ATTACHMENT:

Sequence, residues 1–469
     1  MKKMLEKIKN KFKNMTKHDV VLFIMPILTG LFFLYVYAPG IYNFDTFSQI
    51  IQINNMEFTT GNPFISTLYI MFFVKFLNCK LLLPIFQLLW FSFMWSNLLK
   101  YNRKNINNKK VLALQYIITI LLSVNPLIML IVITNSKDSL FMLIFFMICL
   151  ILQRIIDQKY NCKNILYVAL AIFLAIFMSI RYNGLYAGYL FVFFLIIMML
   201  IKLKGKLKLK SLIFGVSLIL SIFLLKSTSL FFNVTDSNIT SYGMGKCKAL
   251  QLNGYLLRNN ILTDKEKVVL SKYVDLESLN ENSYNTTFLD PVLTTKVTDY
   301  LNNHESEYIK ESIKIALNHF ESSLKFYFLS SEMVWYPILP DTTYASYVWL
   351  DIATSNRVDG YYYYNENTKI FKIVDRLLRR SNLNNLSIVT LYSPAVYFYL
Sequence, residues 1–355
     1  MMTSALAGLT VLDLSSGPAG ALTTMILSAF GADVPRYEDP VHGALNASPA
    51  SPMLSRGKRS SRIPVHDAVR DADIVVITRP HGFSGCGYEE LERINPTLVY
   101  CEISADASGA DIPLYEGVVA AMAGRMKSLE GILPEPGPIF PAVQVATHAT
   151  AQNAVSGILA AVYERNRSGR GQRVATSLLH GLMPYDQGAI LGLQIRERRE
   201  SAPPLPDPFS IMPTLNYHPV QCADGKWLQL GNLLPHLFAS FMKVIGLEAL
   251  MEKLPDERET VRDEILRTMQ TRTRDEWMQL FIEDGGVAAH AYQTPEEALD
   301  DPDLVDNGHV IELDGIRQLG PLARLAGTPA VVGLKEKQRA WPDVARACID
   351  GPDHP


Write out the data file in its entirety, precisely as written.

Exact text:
Sequence, residues 1–469
     1  MKKMLEKIKN KFKNMTKHDV VLFIMPILTG LFFLYVYAPG IYNFDTFSQI
    51  IQINNMEFTT GNPFISTLYI MFFVKFLNCK LLLPIFQLLW FSFMWSNLLK
   101  YNRKNINNKK VLALQYIITI LLSVNPLIML IVITNSKDSL FMLIFFMICL
   151  ILQRIIDQKY NCKNILYVAL AIFLAIFMSI RYNGLYAGYL FVFFLIIMML
   201  IKLKGKLKLK SLIFGVSLIL SIFLLKSTSL FFNVTDSNIT SYGMGKCKAL
   251  QLNGYLLRNN ILTDKEKVVL SKYVDLESLN ENSYNTTFLD PVLTTKVTDY
   301  LNNHESEYIK ESIKIALNHF ESSLKFYFLS SEMVWYPILP DTTYASYVWL
   351  DIATSNRVDG YYYYNENTKI FKIVDRLLRR SNLNNLSIVT LYSPAVYFYL
Sequence, residues 1–355
     1  MMTSALAGLT VLDLSSGPAG ALTTMILSAF GADVPRYEDP VHGALNASPA
    51  SPMLSRGKRS SRIPVHDAVR DADIVVITRP HGFSGCGYEE LERINPTLVY
   101  CEISADASGA DIPLYEGVVA AMAGRMKSLE GILPEPGPIF PAVQVATHAT
   151  AQNAVSGILA AVYERNRSGR GQRVATSLLH GLMPYDQGAI LGLQIRERRE
   201  SAPPLPDPFS IMPTLNYHPV QCADGKWLQL GNLLPHLFAS FMKVIGLEAL
   251  MEKLPDERET VRDEILRTMQ TRTRDEWMQL FIEDGGVAAH AYQTPEEALD
   301  DPDLVDNGHV IELDGIRQLG PLARLAGTPA VVGLKEKQRA WPDVARACID
   351  GPDHP